The GDST’s Trust Consultant Teacher for SEND (special educational needs and disabilities), Emily Rushton, explores a more positive future for children and young people with SEND.
The Department for Education has declared that they are committed to giving children with SEND the support they need to “thrive and prepare for happy, healthy and productive adulthoods”. In their recent green paper, published following 6,000 consultation responses, they said they wanted to “seize this moment to reimagine what a more positive experience for children and young people with SEND and their families should look like”.
At the GDST, we believe that celebrating diversity is key to unlocking a positive experience for a child with SEND and their families. And we do just this through GDST Undivided, our commitment to diversity, inclusion and real change.
The benefits of a truly inclusive neurodiverse society are well researched, for instance by individuals like Judy Singer:
“Just as conserving biodiversity is necessary for a sustainable, flourishing planet, so respecting neurodiversity is necessary for a sustainable, flourishing human society” —
Judy Singer, Neurodiversity: The Birth of an Idea
Celebrating neurodiversity at GDST:
What does this look like on a practical level at a GDST school? On a cold afternoon at Bromley High School, this looked like a Year 3 student talking to a bearded dragon about her aspirations to be an art teacher.
The next day this looked like students from Year 7 to 13 from Croydon High School sharing their experience of the strengths and struggles of neurodiversity, in a space they said was truly “safe”.
It looks like the amazing Loft at Birkenhead High School Academy school, a well-oiled machine that metamorphoses to become whatever space is needed by the students.
As the Trust Consultant Teacher for SEND, I have the privilege of visiting schools from across the country to see how neurodiversity is being celebrated and support is being rigorously implemented to ensure that all students can thrive. Across the GDST, it is clear the work of SENCOs and learning support departments are in fact not about – as the green paper says – “seizing a moment” but are based on a continuous conversation about how academic and pastoral support should continue to change and grow, centred always around each individual student.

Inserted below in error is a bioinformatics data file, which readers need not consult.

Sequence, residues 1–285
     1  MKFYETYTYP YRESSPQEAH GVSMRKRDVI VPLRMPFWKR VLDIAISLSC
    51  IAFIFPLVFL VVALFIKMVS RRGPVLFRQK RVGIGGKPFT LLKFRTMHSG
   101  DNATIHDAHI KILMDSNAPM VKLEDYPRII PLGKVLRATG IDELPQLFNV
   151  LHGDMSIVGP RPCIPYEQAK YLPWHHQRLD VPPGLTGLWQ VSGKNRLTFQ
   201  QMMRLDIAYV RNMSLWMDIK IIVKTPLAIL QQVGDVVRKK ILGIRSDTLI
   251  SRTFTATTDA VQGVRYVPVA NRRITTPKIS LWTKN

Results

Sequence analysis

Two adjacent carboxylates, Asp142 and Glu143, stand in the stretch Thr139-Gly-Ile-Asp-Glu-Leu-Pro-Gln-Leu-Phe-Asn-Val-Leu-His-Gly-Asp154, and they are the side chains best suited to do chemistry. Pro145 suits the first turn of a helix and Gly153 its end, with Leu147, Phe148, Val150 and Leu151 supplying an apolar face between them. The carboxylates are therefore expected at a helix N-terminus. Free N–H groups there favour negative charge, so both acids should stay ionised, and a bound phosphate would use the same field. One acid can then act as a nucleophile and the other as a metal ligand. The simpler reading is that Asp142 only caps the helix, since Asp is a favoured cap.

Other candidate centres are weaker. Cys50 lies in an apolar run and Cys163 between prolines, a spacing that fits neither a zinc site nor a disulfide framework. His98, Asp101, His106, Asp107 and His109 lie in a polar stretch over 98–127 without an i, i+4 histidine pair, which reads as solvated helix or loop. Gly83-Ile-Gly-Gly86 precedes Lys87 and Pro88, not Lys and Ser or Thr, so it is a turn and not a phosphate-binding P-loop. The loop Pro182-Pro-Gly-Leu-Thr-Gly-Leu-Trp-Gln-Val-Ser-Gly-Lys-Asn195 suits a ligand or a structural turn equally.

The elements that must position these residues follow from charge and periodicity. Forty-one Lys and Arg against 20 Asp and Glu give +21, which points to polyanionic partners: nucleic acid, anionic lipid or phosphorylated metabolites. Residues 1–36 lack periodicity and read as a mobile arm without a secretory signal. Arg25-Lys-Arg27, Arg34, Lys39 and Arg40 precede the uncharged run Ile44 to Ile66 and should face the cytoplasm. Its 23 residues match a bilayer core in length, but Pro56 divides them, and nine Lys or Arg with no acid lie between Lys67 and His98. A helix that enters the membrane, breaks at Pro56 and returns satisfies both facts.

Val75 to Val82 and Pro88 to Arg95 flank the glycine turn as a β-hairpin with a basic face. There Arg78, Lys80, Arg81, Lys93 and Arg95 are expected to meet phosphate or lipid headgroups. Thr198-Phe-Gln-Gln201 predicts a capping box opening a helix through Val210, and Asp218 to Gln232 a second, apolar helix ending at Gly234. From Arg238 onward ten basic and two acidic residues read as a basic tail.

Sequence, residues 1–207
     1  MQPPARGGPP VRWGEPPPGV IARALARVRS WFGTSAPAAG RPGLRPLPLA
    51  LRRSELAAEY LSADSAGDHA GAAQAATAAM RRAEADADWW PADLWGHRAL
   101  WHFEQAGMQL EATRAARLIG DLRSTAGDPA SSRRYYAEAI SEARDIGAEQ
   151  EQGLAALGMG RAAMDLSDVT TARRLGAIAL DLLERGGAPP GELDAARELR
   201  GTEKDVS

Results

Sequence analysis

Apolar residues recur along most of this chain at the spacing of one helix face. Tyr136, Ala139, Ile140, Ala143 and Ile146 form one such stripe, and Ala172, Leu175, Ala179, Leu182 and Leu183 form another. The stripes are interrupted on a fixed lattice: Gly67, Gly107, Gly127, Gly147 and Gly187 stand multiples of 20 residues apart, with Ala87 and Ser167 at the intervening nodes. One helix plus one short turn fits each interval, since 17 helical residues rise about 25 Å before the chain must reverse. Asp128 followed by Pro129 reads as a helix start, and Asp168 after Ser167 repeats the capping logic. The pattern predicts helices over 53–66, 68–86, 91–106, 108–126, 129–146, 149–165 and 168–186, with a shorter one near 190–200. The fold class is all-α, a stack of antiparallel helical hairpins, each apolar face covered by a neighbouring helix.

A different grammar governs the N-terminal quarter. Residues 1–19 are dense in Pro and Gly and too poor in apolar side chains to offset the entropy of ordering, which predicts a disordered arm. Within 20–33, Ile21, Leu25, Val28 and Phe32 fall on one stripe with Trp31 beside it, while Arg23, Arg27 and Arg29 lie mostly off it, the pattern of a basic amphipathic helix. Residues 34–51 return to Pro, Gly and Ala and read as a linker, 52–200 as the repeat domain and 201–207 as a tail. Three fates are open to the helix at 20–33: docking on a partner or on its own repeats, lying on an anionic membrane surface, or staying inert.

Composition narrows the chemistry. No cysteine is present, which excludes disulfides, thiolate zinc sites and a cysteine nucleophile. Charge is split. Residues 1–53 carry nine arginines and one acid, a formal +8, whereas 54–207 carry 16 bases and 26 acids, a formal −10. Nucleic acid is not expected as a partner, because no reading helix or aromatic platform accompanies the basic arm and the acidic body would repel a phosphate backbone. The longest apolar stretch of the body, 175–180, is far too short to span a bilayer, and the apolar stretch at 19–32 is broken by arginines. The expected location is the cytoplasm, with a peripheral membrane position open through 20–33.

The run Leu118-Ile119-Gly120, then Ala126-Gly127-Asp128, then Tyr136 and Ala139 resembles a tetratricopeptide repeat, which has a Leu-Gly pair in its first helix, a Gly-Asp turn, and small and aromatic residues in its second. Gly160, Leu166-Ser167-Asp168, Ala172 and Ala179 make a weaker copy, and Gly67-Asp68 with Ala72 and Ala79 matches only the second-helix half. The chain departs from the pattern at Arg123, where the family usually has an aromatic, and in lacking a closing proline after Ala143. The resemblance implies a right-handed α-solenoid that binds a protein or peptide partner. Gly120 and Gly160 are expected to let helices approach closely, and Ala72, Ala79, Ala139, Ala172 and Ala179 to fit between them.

Looking to the future of SEND:
It’s pleasing to note progress during this Neurodiversity Week (13th – 17th March) in wider society. Workplaces like GCHQ are now actively looking to recruit neurodivergent minds for the nuanced strengths they can bring to a company.
This spring, the GDST is launching Neurodiverstories, a safe community for students, staff and parents to share and celebrate their experience of neurodiversity and/or disability. This platform champions neurodiverse voices to lead and innovate the next steps towards inclusion. Already, we have both staff and student neurodiversity champions from across the GDST meet to discuss their vision for what ongoing inclusion looks like in their schools.
It is vital that celebration of diversity must not be limited to the week, month or the green paper in which it has been highlighted. If we do not visibly champion and celebrate inclusion, we align ourselves with societal and cultural discrimination and exclusion. We must continue to work for change, raise up and tell the stories of children and young people with SEND.
The GDST is committed to Diversity, Inclusion, and Real Change. Find out more about GDST Diversity.